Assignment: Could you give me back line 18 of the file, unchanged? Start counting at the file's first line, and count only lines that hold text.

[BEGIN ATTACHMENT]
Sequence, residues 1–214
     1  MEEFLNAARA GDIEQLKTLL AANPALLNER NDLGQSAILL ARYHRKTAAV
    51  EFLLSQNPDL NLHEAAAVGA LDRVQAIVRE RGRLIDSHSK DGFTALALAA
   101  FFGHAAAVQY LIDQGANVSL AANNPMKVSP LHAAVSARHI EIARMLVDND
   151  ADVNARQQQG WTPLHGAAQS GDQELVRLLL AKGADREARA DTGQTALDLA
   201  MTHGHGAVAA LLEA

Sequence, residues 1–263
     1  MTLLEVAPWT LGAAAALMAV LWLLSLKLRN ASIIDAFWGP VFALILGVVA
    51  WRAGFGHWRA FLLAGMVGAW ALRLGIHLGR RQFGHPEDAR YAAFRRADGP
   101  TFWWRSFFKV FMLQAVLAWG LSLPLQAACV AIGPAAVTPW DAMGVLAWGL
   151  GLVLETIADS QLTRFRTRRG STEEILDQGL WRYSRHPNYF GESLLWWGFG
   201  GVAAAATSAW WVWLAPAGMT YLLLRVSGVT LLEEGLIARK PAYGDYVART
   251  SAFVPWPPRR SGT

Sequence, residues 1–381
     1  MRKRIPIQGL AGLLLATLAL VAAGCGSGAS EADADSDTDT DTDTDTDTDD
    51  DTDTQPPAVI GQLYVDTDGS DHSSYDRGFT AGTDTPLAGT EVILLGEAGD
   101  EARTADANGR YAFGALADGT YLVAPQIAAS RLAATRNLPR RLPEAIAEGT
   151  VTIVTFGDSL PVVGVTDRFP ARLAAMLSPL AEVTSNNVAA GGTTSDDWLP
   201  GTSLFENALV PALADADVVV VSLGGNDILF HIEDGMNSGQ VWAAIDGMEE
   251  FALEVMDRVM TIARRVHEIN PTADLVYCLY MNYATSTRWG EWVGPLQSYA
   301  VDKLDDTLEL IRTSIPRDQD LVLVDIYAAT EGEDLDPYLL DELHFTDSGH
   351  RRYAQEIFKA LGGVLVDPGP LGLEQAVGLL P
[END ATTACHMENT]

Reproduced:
   151  VTIVTFGDSL PVVGVTDRFP ARLAAMLSPL AEVTSNNVAA GGTTSDDWLP